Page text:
For more details on key strategies to protect against violations and to remediate them when they do occur, access the PDF of the article, “Mitigating Economic Sanctions Risk,” below.

Download Document – ABA Bank Compliance May June 2017

  • Boeing announces deal to sell aircraft to Iran Aseman
  • The deal was apparently authorized by the U.S. Treasury Department, but Congressional foes fight to block it
  • If the deal goes through, further loosening of sanctions could follow

This story begins in July 2015, when the United States and its allies entered into a now-famous nuclear agreement with Iran which, among other things, paved the way for the United States to scale back economic sanctions on Iran – including those relating to commercial aircraft.  Executing that deal, in January 2016, the U.S. Department of the Treasury’s Office of Foreign Assets Control (OFAC) issued a new, favorable licensing policy for many transactions relating to the sale of commercial passenger aircraft and related parts and services to Iran.

Continue Reading The Long Road: Boeing Continues the March into Iran

  • One of largest export and sanctions penalties ever imposed
  • Reminder of U.S. government’s broad jurisdiction over export and sanctions matters
  • Cooperation could have helped ease the penalty significantly

On March 7, 2017, Chinese telecommunications company, Zhongxing Telecommunications Equipment Corp. (ZTE), signed on to three separate settlement agreements with the United States, agreeing to pay $892 million for violations of U.S. sanctions and export controls. Even more could be due if ZTE strays from the commitments it has made under the settlement agreements.  This is one of the largest penalties ever imposed by the U.S. government for export and sanctions violations.

It is impossible in the space of this blog article to provide a detailed summary of this matter.  In addition, while the details of the matter would make good copy, we think (hope!) that this is something of an isolated incident.  At the same time, we think several lessons can be derived from this action.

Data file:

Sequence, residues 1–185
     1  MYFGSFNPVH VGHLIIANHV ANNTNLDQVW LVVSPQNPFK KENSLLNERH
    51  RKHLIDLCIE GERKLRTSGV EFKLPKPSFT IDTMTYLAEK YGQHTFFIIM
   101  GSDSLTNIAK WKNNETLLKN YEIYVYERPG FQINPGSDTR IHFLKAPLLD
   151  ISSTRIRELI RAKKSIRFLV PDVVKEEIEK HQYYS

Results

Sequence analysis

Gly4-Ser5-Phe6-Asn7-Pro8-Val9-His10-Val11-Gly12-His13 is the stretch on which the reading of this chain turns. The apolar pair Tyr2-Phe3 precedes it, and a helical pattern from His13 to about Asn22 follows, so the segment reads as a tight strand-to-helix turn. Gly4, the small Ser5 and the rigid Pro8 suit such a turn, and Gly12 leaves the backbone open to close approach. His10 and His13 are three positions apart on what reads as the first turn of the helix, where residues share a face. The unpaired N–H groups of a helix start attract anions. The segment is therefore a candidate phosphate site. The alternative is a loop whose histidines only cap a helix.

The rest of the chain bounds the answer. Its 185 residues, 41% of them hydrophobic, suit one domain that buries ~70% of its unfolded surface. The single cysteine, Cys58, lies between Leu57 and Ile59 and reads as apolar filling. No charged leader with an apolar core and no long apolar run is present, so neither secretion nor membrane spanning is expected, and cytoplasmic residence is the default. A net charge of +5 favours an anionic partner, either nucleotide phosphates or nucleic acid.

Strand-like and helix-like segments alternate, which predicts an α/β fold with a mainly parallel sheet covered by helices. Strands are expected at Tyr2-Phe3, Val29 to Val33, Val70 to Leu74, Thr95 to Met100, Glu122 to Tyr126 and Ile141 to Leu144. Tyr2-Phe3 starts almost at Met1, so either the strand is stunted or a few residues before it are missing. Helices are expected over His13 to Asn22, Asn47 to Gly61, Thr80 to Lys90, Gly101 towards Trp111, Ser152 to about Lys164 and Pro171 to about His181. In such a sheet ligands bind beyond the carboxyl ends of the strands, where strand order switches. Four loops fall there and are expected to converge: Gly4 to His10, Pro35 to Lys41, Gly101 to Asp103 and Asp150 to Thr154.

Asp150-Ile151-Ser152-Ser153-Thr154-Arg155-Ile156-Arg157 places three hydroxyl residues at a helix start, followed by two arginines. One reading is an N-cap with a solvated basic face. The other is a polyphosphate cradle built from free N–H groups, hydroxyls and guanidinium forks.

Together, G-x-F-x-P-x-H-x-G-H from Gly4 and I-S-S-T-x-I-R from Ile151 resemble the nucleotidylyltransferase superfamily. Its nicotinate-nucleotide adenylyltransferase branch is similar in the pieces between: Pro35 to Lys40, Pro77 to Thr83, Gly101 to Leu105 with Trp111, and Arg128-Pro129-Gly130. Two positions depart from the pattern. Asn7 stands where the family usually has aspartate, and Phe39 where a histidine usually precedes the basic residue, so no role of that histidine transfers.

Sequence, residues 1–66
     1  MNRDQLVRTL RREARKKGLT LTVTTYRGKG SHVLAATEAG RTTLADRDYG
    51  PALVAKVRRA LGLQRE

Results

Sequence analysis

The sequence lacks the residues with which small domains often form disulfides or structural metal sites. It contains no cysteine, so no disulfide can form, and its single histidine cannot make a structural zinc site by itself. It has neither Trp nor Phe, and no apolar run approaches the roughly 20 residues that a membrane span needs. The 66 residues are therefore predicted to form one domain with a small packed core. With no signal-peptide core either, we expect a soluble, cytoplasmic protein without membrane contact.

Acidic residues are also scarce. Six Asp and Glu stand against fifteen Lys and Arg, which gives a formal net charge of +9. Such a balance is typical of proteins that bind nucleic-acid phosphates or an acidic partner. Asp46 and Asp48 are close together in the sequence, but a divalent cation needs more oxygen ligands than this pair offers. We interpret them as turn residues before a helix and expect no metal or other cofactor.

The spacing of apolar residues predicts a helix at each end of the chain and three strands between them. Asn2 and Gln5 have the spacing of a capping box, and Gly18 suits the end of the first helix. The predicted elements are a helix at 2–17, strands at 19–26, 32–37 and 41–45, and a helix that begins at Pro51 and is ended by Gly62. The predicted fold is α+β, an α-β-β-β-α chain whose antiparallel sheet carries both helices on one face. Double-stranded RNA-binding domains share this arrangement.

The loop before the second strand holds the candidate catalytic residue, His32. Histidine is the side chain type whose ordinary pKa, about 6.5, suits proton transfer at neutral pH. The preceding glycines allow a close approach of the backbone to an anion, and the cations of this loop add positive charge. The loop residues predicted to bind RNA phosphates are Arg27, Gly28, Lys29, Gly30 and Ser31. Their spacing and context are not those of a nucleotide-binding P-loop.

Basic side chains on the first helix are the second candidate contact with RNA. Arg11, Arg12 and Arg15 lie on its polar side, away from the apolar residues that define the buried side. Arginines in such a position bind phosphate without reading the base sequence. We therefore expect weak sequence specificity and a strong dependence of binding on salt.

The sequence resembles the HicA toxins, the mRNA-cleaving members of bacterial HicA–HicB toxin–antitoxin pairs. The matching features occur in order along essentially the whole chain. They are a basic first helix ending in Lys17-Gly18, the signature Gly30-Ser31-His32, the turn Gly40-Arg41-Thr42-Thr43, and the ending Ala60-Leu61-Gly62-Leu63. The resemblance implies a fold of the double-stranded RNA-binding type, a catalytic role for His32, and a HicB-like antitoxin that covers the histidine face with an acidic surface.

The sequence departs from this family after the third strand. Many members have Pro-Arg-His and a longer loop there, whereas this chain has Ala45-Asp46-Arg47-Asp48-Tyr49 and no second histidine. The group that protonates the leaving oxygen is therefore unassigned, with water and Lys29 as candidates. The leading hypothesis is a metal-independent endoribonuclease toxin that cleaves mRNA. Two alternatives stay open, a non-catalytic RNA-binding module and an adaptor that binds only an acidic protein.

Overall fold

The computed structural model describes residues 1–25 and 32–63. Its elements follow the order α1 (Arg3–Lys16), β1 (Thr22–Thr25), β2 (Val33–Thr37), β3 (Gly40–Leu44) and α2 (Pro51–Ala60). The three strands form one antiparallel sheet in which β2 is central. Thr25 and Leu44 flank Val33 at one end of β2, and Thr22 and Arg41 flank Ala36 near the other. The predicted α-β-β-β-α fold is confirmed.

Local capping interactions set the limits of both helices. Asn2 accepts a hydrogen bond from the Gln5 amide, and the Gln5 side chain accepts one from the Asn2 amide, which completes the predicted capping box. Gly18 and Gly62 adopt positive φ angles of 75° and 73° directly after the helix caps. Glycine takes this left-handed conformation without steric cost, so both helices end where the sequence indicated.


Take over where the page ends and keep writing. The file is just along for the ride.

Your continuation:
Continue Reading Lessons from the Historic ZTE Enforcement Action

  • Canadian bank pays penalties for U.S. dollar transactions involving Cuba and Iran
  • Bank receives Finding of Violation – but no penalty – for violations by European subsidiaries
  • Disclosure and cooperation with OFAC mitigated penalties

Earlier this month, the Department of the Treasury’s Office of Foreign Assets Control (OFAC) announced a $516,000 settlement with a large Canadian bank for allegedly violating U.S. sanctions against Iran and Cuba 167 times. OFAC also issued a separate finding of 3,491 additional violations by two of the bank’s European subsidiaries – an investment services company and another small bank.  Yet OFAC imposed no penalty for the subsidiaries’ alleged violations.

Continue Reading OFAC Sanctions: No Entity Too Small or Too Far for Enforcement

  • Virtually all U.S. sanctions on Sudan lifted effective January 17, 2017
  • Sanctions could be permanently lifted in six months
  • There continue to be practical challenges to doing business in Sudan

In an unexpected development, on Friday, January 13, 2017, the Department of the Treasury’s Office of Foreign Assets Control (OFAC) announced changes to lift U.S. sanctions on Sudan and thereby pave the way for trade with the North African country.  The U.S. government is authorizing virtually “all prohibited transactions [involving Sudan], including transactions involving property in which the Government of Sudan has an interest.”  Moreover, the United States is dangling the possibility that sanctions could be permanently lifted after six months.  The amendments, announced by Executive Order, became effective on Tuesday, January 17.

Continue Reading Freaky Friday – U.S. Unexpectedly Eases Sanctions on Sudan